I agree with carbon-based. If one posits that the “universe is intelligible to us because it and our minds were made for each other,” then one must have an explanation how such a thing can occur. The idea, unless I misunderstand kengen’s meaning, is that consciousness can precede matter. But in fact, every example we have of consciousness is an example of matter producing consciousness through an organic brain. So the proposed “answer” directly contradicts what we know about consciousness.
The theist merely conceptualizes a wish and then declares it to be true. This is thoroughly consistent with what we know about human behavior. A study of the various explanations for the origins of things clearly reveals vastly different conceuptualizations, with a common thread: each of them expresses the deepest longings and fears of the culture from which they emerged. To put it more simply, it looks as though people imagine, construct, accept and repeat stories that comfort them. That is a point theists consistently overlook; even non-theists seem not to appreciate how central it is in explaining what is going on.
Finally, those who do not understand the science of consciousness should not presume to say what scientific naturalists think and believe. We see a clear and undeniable progression of function as we trace organisms through evolutionary history, beginning with the first cell. This does not imply that humans are at the apex of a system designed for progression, but it does imply that given enough time an organism with the mental capacity of a human being can emerge. With each passing decade, we know more and more about how this happens.
The mere fact that we still have open questions does not negate the tremendous progress we have made. All of it, 100%, has come through science, not theology. So in practical terms, there isn’t even a contest between the two. Theism is offered as an alternative mechanism of explanation, in contrast with science, solely because people wish that it was true. Science is offered as a mechanism of explanation because it has a proven track record of explaining things and giving us more tools with which to approach the world and live in it.
When you say that 100% of it came through science, that is really not giving an accurate representation of what science is nor of its limitations. Consider the statement, ‘all truth that can be known comes through the scientific method,’ or something similar to that. Now, is that statement in itself derived from the scientific method? No, you cannot empirically prove this statement. In the same way many things we know cannot be derived from the scientific method such as philosophy, logic, or morality.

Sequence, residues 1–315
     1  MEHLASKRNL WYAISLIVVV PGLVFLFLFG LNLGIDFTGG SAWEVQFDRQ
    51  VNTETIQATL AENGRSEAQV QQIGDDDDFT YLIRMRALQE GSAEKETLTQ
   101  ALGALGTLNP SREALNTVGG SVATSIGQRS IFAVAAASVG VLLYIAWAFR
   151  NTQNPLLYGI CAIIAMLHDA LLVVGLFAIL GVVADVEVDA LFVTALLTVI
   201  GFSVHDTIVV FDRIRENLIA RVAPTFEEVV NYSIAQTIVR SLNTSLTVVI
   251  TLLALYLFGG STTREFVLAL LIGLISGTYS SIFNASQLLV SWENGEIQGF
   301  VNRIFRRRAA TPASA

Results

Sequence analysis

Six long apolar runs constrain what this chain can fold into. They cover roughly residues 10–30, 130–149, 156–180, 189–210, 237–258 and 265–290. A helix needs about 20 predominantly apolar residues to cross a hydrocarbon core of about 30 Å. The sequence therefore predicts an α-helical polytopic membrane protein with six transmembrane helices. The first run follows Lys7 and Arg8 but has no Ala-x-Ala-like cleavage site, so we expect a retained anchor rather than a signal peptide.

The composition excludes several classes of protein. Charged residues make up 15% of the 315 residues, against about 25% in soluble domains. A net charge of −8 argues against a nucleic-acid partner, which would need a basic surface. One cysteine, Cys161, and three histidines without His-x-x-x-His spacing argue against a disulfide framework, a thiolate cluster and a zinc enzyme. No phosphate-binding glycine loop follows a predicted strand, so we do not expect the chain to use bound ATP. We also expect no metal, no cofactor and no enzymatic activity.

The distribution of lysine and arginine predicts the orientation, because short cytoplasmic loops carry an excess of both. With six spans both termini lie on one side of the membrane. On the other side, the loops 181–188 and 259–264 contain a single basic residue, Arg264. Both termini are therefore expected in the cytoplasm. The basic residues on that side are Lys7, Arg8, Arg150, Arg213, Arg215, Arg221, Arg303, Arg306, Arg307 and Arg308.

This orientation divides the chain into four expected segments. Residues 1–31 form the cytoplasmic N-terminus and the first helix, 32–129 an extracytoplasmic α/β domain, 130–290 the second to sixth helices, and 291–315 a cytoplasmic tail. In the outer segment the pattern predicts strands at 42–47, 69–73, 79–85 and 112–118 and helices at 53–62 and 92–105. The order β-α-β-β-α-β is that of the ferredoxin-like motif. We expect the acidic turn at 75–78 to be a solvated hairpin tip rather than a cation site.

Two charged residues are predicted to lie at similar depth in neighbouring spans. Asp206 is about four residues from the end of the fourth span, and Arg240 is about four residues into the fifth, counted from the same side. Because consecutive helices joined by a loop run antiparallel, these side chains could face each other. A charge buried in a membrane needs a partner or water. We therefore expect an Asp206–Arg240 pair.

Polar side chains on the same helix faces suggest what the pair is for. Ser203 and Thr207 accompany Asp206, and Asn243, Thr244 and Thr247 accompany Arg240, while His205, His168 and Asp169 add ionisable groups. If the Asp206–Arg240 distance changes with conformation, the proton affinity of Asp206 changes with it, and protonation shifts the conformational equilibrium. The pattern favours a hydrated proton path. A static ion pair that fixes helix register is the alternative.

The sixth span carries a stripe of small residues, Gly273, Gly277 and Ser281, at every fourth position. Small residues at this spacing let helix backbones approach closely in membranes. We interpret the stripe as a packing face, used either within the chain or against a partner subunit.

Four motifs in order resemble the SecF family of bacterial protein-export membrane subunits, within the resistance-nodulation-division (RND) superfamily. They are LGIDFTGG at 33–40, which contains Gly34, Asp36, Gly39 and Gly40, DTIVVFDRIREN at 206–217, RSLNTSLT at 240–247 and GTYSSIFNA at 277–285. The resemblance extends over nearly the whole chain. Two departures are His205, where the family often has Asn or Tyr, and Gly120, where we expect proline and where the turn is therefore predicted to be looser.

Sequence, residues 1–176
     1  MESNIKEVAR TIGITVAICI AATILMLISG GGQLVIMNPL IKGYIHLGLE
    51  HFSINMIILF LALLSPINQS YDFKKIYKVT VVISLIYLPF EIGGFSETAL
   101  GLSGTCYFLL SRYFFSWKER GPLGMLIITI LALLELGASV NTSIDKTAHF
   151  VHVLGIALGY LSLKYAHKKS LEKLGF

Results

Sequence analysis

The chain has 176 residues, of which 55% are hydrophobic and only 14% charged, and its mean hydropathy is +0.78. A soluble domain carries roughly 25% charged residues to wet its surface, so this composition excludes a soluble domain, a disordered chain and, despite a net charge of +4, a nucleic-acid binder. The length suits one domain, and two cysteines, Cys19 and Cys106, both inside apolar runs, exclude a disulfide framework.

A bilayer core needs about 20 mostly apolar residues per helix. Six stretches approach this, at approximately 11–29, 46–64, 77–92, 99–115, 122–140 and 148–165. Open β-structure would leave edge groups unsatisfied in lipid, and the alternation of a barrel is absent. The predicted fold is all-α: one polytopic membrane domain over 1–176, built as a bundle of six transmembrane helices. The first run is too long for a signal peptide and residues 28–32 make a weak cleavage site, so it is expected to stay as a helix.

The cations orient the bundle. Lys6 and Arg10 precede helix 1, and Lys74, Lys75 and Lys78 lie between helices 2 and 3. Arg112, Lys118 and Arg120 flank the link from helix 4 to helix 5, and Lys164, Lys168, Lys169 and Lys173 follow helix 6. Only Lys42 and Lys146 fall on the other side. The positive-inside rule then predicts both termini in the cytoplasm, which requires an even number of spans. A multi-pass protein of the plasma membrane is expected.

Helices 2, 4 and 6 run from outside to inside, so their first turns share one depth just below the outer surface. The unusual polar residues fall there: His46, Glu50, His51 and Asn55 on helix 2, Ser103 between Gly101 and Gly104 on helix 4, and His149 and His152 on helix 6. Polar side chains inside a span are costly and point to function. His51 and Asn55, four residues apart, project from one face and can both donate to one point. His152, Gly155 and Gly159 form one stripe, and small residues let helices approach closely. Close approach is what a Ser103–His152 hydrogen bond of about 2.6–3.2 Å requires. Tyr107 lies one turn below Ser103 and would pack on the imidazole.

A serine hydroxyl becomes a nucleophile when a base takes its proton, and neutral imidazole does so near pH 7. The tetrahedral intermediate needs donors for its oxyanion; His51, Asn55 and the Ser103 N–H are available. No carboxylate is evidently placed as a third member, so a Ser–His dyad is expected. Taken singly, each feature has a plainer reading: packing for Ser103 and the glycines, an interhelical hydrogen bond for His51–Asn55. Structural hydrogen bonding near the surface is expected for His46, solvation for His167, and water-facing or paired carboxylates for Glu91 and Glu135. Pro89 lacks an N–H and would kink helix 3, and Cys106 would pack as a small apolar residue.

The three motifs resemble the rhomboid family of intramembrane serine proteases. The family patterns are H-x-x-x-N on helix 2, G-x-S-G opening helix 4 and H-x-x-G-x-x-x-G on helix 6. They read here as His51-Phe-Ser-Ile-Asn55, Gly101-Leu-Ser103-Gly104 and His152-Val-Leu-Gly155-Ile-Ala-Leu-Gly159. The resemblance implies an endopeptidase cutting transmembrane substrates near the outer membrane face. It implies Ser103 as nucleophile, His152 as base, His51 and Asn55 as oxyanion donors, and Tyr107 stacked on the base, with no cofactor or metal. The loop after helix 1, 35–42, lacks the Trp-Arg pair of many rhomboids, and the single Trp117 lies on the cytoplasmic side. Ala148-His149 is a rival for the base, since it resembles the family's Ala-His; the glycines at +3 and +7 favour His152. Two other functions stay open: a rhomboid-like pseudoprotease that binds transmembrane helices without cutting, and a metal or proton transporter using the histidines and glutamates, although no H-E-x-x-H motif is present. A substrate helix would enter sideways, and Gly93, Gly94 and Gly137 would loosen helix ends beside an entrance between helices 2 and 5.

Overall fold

Rationality is inconsistent with naturalism for at least 2 reasons according to JP Moreland 1.) the necessity of the enduring rational self and 2.) the need for teleological factors to play a role in the thought process. Regarding point #1, if human beings are rational thinkers who can engage in rational deliberation then there must not only be a unified self at each time in a deliberative sequence, but also an identical self that endures through the rational act. The naturalist position is that persons are a collection of parts such that if you gain and lose parts you are literally a different aggregate from one moment to the next, and thus there is no enduring “I” that can serve as the unifier of rational thought.
Regarding point #2, consider this argument given by Moreland:
(1) If naturalism is true, there is no irreducible teleology.
(2) Rational deliberation exhibits irreducible teleology.
(3) Therefore, naturalism is false.
Teleology says that some things happen as a means to a final goal while naturalism replaces it with material causes. An example of the difference between the teleological and material cause is seen in the following two sentences:
4.) The glass broke because the rock hit it.
5.) I raised my hand because I wanted to vote.
#4 gives a material, efficient cause while #5 gives a reasons explanation which is irreducibly teleological.
If you start with particulars only and naturalism, all things are simply the arrangement of mechanical unconscious, non-rational parts and not consistent with rational action and deliberation of human persons. On the other hand, they are predicted by Christian theism since God Himself is rational and created humans as image-bearers.
The idea you express above regarding consciousness arising from invoking higher levels of organic complexity through evolution really does nothing to explain either consciousness nor human rationality. The idea that religion is a formation of human notions of cultural ideas that comfort them doesn’t really go far enough to explain the particulars of the New Testament gospels, for instance. It’s too simple an explanation and the formation of the N.T. contradicts it at so many points.